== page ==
He’s/She’s doing “computer work.”

December 18, 2008 | By | 5 Replies More

Isn’t it time that we do away with the sentence, “He/She is doing computer work?”  It made sense 20 years ago, when everyone was spending inordinate amounts of time trying to get their computers to work at all.  But now we use our computers to actually accomplish an amazing variety of specific tasks, such as:

Writing a novel

Reading magazines.

Composing Music or mixing down a multi-part composition

Attending a lecture.

Writing letters to friends.

Buying or selling securities.

Using voice recognition software.

Researching government corruption.

Preparing for a speech.

Participating in a video-conference

Designing brochures.

Shopping for a new coat or a new house.

Processing photos.

Engaging in public advocacy.

Publishing an article.

Attending a college class.

I was an adult before most of this could be done on a home computere (I was born in 1956), but I still hear people saying, as shorthand, “She’s doing computer work,” as though people only do one kind of thing while sitting in front of a computer.   Time to strike that kind of antiquated talk from our language, right?

We have the same sort of problem when people describe the career of someone as “He/she works with computers.”  Maybe 20 years ago it meant something specific enough, but it doesn’t mean much of anything these days.  In fact, it’s hard to think of any job that doesn’t involve the use of computers.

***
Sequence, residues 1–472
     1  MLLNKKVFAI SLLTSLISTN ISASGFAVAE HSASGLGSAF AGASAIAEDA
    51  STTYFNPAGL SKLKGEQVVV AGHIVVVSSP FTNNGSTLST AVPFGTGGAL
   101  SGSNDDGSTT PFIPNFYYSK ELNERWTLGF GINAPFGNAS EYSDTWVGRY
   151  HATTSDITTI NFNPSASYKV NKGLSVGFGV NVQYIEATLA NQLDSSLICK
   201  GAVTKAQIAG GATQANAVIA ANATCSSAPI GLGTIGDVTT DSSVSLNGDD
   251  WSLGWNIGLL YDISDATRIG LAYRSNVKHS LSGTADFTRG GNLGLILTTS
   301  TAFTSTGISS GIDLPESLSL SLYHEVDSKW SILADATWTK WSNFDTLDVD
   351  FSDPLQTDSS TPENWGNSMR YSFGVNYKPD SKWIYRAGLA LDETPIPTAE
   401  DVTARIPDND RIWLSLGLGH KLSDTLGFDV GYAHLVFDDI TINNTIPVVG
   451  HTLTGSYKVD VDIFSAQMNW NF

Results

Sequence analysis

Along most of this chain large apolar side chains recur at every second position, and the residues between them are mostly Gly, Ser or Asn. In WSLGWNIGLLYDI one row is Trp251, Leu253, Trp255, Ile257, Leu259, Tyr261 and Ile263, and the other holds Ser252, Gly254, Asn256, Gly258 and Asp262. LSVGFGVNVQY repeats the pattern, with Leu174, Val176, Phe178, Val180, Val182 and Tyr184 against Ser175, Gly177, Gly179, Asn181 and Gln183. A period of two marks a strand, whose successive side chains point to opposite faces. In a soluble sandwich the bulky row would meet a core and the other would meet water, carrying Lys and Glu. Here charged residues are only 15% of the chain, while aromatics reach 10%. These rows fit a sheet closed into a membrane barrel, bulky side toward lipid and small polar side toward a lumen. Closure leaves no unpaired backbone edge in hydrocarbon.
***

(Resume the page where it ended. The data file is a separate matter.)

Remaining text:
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Category: Language

About the Author ()

Erich Vieth is an attorney focusing on consumer law litigation and appellate practice. He is also a working musician and a writer, having founded Dangerous Intersection in 2006. Erich lives in the Shaw Neighborhood of St. Louis, Missouri, where he lives half-time with his two extraordinary daughters.

Comments (5)

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  1. Dan Klarmann says:

    But, "working on the computer" is such a great way to let people think you are composing something for the ages (or at least for a client) while you are shopping or trying to solve The Impossible Quiz.

  2. Ahem! Erich, did you forget one?!? Editing a video, perhaps??

  3. Erich Vieth says:

    Mike: I did leave video editing off the list. My apologies, Mr. Video Editor. Maybe my subconscious caused me to leave it off because, now that I've tried some video editing, I realize how incredibly much work it is to do it well. This topic reminds me that I have a couple raw videos waiting to be edited.

  4. Erika Price says:

    There's really no such thing as a "computer expert" anymore, either. Someone who can set up a network for you is very different from someone who can develop a new program to help you sift through qualitative data, which is very different from someone who can put together a sleek web 2.0 website for you. Computers can do a wide variety of "work" these days, and their many components entail a wide range of different skills.

    That can also create trouble for the person branded as "tech-savvy" just because he knows how to replace a hard drive. Small-time tweaks do not a C++ certification make.

  5. Dan Klarmann says:

    Erika, What about those of us who've done all those things? I've designed microprocessor chips in VLSI, built a computer and a game machine from chips on a breadboard, replaced about every part of many designs of PC's and laptops, constructed networks using several brands of netware, written system level utilities, scripts, utilities, and complete software systems in many different languages on PC's from DOS 2.0 through Vista, and have been developing websites since 1995. I also designed and built industrial automation robots for a while; hardware, software, user interface, and communications. I enjoy sites like http://hackaday.com that plays with such things as a hobby, and have read every issue of the Journal of the Association of Computing Machinery for 24 years.

    Would I qualify as one of those computer experts who don't exist? Maybe you're just imagining me 😉

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